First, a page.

|Do you need a set of field equipment for a young geologist and you're not sure what you need? Or do you just want to save at least an additional 5% by buying the equipment as a set? I've taken my recommendations for the field equipment choices that a young geologist or rockhound needs to get started and created a wizard to guide you through the steps of creating your kit. Like a multiple course meal's menu I provide a selection of the most appropriate products and you choose one from my recommends. I'll give you four or five choices mostly based on price for each product.
When you've finished with the wizard you'll have built your own customized kit. Each kit will contain:
Click the Configure link below to enter the wizard and build your Your Geologist Kit.
The famous Estwing Geo/Paleo Pick GP100 has made a grand reentry after being out of production for several years. The handle has been beefed up to make the unit even stronger. It is 25 inches long with a total weight of 3 pounds. Painted steel with a soft vinyl grip. The light weight but great strength of this makes it a great field tool for any geologist or rockhound.
Not only is this a great digging tool but I use mine to help me navigate the steep slopes of mine tailings. Jab the tip in and pull yourself up then use the hoe end to cut a quick shelf to work from.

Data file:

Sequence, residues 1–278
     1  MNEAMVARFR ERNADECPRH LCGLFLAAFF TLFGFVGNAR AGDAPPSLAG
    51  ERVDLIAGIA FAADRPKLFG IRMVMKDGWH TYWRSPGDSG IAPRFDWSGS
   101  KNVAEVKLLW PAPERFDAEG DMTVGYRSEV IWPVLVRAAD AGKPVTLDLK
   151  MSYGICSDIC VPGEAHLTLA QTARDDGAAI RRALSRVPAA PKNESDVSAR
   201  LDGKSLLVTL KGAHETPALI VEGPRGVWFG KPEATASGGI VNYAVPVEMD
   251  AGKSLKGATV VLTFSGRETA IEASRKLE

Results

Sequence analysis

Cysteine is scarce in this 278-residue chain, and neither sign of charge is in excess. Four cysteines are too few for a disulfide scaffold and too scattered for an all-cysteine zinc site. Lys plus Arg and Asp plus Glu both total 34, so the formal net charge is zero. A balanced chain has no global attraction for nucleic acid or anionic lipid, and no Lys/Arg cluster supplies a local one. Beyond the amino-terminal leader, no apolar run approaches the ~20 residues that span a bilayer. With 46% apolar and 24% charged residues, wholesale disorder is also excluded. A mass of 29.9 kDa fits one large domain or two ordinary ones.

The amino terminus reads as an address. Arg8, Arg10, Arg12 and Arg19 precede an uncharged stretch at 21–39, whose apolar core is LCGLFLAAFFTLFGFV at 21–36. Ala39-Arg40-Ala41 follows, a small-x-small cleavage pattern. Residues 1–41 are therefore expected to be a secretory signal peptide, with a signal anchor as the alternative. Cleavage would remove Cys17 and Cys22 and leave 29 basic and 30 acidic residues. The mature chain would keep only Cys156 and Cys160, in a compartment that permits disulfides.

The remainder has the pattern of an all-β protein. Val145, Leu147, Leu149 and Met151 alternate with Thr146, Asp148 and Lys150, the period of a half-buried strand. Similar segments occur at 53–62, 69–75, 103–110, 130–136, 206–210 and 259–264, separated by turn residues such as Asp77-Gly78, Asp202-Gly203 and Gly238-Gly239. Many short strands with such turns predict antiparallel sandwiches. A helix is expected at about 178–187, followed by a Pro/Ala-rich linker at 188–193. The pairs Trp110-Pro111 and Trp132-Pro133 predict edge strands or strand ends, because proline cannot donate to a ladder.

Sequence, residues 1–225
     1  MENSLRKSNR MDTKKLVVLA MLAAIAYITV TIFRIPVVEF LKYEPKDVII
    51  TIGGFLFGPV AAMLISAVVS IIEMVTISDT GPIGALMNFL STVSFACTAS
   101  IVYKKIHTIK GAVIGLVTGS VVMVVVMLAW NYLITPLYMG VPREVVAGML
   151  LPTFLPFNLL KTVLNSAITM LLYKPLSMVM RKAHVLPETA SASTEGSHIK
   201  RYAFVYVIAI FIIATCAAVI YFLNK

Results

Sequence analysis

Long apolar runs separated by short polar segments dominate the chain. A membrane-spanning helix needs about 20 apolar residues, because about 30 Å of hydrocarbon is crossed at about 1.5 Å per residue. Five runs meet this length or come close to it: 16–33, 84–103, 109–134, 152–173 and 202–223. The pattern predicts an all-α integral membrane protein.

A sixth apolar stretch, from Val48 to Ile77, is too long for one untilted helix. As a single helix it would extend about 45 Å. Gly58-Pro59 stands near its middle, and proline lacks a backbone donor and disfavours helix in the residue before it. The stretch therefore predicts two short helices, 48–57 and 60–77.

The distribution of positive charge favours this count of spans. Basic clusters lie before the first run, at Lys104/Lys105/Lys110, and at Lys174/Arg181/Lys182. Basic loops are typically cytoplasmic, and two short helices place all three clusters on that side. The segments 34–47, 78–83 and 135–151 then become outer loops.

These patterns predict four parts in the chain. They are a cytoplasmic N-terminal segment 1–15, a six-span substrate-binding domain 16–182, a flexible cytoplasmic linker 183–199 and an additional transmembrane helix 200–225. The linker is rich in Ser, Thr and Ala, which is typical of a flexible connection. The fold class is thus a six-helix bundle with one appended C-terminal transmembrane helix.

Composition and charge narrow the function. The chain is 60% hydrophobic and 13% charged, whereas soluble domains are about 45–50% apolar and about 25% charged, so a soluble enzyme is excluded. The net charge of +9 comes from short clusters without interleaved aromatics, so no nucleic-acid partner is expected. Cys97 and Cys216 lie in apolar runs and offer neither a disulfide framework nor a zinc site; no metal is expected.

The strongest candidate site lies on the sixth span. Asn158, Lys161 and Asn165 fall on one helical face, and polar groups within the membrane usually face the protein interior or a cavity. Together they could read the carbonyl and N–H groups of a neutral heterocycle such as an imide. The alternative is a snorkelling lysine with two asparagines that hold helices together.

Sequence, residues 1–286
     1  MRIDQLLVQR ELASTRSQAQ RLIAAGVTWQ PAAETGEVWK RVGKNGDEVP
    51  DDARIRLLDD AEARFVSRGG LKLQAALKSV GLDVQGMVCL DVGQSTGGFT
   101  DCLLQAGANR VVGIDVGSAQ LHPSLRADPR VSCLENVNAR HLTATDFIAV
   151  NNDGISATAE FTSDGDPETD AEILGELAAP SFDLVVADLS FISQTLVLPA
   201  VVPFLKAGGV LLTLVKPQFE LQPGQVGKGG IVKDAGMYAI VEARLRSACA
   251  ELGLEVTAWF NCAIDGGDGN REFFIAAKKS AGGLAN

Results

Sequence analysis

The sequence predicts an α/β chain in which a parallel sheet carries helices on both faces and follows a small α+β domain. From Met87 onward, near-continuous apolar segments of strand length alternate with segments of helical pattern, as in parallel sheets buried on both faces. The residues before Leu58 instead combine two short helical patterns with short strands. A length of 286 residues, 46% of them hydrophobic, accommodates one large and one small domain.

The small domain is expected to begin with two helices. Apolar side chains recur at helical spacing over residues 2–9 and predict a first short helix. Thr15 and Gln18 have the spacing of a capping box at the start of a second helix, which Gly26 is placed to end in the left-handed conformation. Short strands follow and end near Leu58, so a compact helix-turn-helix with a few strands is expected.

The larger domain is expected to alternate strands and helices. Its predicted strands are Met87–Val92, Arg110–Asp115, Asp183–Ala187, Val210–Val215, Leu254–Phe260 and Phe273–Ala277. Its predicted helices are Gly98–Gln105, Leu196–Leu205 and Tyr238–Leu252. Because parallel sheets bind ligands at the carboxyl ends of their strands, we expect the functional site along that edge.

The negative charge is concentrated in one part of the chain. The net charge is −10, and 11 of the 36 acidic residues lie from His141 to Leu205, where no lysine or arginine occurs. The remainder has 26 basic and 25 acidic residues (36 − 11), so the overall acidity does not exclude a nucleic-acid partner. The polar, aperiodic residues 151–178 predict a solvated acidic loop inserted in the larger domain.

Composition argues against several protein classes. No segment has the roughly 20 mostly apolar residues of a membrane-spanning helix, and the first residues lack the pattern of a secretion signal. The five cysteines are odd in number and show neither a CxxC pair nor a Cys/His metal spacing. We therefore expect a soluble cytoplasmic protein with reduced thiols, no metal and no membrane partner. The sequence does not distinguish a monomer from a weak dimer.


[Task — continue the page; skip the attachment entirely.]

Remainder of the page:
Height 9.5 Width 6.4
This map packet includes five maps printed on both sides. Maps one through four features gold, silver and gem deposits. The fifth map, side one, shows gold occurrances taken from an 1871 map. Side 2 is a page outlining the history of Oregon's mining operations and how to find and mark your own gold deposits. Every map tells the greatest story! Reported and known occurrences of gold and silver, as well as the popular gem deposits are identified in red. Many secrets of prospecting and mining are revealed in this collection! This publication is attractively packaged for display.
Map identifies locations of: gold and silver, agate, apache tears, bloodstone, carnelian, chalcedony, feldspar, fossils, garnet, geodes, jasper, limb casts, nodules, obsidian, opal, petrified wood, quartz, rhondonite, rhyolite, sagenite, serpentine, sunstones, thunder eggs, tourmaline, jade
Limited to stock on hand. Estwing has eliminated the ERC line of rockhounding chisels. A new line will be available in a few months.2 3/8" wide blade chisel.
The Deluxe Moh's Hardness Pick Set now comes in two case types. The wooden case is small enough to carry and the top screws into the base to make a perfect desk stand. The plastic case is longer but the thinner size makes it easier to carry in your field tool set.Hardness is an important and quantifiable physical characteristic of a mineral and in your effort to identify an unknown mineral, the hardness, if known, combined with other properties, can narrow your search to just a handful of possibilities. Simply scratch a smooth surface of your unknown mineral with the picks of various indicated hardness. As an example, if a No. 5 pick scratches the mineral, but a No. 4 pick does not, then your mineral hardness is 4.5. Then compare this against a table of minerals listing hardness values to aid in identifying the unknown mineral.
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